- Divid the batter in between both prepared cake pans and even their surface using a spoon or a spatula.
- Bake in the oven for 20 minutes or until a tooth pick comes out clean and without any raw batter sticking to it. Set aside on the counter so the cakes cool down (essential before frosting).
- Then, run a knife around the cakes and gently un mold them. Place one cake over your serving platter, spread a thin layer of frosting over, then top with the second cake. Finish up by covering the whole cake with the frosting. Decorate with some oranges, zest or chocolate chips and serve.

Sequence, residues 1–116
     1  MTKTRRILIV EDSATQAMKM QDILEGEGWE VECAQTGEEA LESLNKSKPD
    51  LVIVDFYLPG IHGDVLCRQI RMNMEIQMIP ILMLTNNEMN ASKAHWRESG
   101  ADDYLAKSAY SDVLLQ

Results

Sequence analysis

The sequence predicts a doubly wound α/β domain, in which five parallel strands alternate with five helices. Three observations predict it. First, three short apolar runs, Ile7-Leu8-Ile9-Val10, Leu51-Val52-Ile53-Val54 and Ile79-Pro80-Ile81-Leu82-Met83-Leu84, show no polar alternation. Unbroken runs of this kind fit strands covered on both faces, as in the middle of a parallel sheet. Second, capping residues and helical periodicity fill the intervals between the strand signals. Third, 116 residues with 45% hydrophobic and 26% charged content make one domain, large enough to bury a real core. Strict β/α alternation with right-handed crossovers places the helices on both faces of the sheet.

- The vegan dark chocolate frosting requires some melting, cooling and whipping time. So what I do is actually start by making the frosting and once I transfer the bowl in the fridge to cool down (see the recipe), I make the cakes. When the cakes are baking and cooling down, then I finish up the frosting by whipping it. That way, everything is ready about at the same time!
- Storage: store the cake (covered) at room temperature for 1-2 days. For longer than that, transfer to the fridge or even freeze it.
- Don't skip covering the bottom with parchment paper! The cake can be delicate and you don't want to break it when un molding.
- Feel free to add some chocolate chips to the cake batter for an extra chocolatey cake. Also add more zest if you are looking for a good punch of zesty flavor (but do not add more juice).
- Don't overmix the batter!